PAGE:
Yes, I might not admit that I know and work with the people I write about, but I am pissed when the President puts his own spin on a meeting that was supposed to be off the record, one that we were "summoned" to! The idea that the President would waste our time, have the nerve to summon us.
Well, you see the pecking order Bob swears by. They needed to be summoned to a meeting; not that they would bother to talk to the Prez privately unless they had nothing more important to do. This meeting was about whether or not CIA payments to King Hussein had stopped under Carter's watch.
Woodward is still having trouble with the analysis thing; with the exception of, say, his death-bed conversation with the old CIA Director William J. Casey, he doesn't like to be out on the paper stage himself.
Given the history of Woodward's methods, he is something of an "investigator" himself, more of the Isikoff school and tradition, than, say, the one-man-bands of I. F. Stone, or Murray Kempton, or A. J. Liebling, or for that matter, David Halberstam, or J. Anthony Lukas (after they left The New York Times.) Yet, Woodward is more powerful than any of that brethren. He might be a naif when it comes to using the first person, but he isn't as naive as George Stephanopoulos appears to be.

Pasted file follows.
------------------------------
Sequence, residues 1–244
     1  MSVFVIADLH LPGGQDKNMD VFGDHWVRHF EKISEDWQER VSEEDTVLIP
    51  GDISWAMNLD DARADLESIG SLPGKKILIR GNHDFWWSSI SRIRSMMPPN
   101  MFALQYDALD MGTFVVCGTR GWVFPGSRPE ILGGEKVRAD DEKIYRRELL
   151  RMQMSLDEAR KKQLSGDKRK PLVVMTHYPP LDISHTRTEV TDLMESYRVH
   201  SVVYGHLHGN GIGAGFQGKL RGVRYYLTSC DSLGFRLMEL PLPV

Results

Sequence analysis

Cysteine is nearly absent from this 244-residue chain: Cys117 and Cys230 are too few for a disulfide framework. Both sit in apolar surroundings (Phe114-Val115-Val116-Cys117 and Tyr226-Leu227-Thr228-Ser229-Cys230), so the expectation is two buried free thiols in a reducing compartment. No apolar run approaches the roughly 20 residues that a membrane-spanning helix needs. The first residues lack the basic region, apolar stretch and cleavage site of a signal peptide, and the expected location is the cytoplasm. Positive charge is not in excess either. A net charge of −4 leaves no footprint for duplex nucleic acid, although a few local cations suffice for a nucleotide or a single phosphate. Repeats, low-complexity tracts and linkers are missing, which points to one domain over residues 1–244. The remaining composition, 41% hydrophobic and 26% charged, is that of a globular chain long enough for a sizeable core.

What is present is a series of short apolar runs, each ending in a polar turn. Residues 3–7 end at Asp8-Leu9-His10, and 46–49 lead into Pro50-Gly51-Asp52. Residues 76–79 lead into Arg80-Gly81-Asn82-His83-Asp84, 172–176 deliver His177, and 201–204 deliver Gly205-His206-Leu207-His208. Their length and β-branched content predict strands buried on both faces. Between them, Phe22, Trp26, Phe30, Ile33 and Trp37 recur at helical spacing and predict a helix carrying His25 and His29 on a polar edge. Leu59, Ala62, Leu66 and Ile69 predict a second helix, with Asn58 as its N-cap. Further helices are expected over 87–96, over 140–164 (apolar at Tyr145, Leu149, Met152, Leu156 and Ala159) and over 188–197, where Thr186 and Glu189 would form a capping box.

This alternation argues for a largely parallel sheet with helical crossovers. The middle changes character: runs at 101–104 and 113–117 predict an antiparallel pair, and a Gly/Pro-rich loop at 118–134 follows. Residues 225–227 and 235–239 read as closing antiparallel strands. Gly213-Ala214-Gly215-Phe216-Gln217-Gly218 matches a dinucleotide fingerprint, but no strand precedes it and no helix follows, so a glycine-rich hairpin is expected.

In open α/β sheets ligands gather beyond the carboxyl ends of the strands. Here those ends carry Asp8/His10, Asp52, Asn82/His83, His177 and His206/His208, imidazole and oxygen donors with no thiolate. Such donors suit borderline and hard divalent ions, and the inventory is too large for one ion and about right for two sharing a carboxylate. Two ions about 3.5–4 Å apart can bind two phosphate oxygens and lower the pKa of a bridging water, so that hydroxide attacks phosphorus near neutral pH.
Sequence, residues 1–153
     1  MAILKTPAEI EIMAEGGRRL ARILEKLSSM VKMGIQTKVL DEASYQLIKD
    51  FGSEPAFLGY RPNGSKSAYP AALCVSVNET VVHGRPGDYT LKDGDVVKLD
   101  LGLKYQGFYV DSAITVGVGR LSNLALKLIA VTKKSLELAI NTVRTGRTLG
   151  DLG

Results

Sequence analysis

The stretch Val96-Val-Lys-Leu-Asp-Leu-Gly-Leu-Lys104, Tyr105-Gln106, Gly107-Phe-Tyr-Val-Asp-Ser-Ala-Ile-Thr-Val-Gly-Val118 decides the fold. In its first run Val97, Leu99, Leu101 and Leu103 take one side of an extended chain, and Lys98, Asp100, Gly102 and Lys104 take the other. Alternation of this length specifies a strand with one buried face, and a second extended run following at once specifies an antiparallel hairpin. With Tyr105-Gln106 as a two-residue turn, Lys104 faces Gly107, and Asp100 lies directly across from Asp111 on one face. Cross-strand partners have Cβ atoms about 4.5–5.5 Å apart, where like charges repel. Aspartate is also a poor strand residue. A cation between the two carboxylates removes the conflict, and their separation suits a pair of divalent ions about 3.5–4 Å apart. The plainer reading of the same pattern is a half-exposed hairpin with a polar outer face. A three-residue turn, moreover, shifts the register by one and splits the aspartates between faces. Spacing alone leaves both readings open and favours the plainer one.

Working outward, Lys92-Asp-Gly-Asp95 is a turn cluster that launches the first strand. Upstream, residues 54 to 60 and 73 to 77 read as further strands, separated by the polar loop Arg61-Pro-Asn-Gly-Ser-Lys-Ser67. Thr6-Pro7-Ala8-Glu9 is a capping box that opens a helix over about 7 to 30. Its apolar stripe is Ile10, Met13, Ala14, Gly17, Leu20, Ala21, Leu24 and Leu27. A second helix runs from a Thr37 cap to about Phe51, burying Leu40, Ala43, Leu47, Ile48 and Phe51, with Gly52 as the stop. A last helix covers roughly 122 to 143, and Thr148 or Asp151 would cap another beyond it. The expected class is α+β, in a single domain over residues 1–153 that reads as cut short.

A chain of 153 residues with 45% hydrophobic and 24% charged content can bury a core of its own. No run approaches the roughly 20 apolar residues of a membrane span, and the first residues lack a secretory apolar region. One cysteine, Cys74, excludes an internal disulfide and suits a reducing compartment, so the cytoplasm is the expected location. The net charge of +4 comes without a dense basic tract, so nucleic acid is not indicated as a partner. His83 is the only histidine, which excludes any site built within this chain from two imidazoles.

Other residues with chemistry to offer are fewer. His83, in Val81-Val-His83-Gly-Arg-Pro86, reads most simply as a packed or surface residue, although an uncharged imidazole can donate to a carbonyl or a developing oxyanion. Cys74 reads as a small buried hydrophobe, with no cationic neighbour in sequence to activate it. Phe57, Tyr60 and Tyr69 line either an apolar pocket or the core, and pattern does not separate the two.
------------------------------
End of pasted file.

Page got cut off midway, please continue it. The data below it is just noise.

Now, I'm not saying George Stephanopoulos is naive: he's made his way in the world by being very savvy indeed. But, he is naive when it comes to employing a literary form. All Too Human is just that, a bildungsroman, a growing up book that has yet to reach grownup stage. But it is not without its savvyiness. From its "Note on sourcing": "I did not keep a diary while I worked in the White House, but on about a dozen weekend afternoons at that time, I had a series of conversations with my friend Eric Alterman. Eric, who was working on his dissertation in American history at Stanford University, taped and stored these talks to create a historical record. After I left the White House he allowed me to use this material for my book." George is being Clintonian in the extreme. That this taping does not fall under the legal definition of a "diary" would be convincing only to a lawyer. But, hey, he's the altar boy, the keeper of Clinton's secrets. And he was certainly blown away by Bob Woodward. George was so taken with Woodward he gave carte blanche to him for Woodward's book, The Agenda. Here are his first thoughts about the Bobster: "In the summer of 1993, several months into his project [The Agenda], Wooodward's first call to me had sparked two simultaneous thoughts: Oh, no! and I have arrived."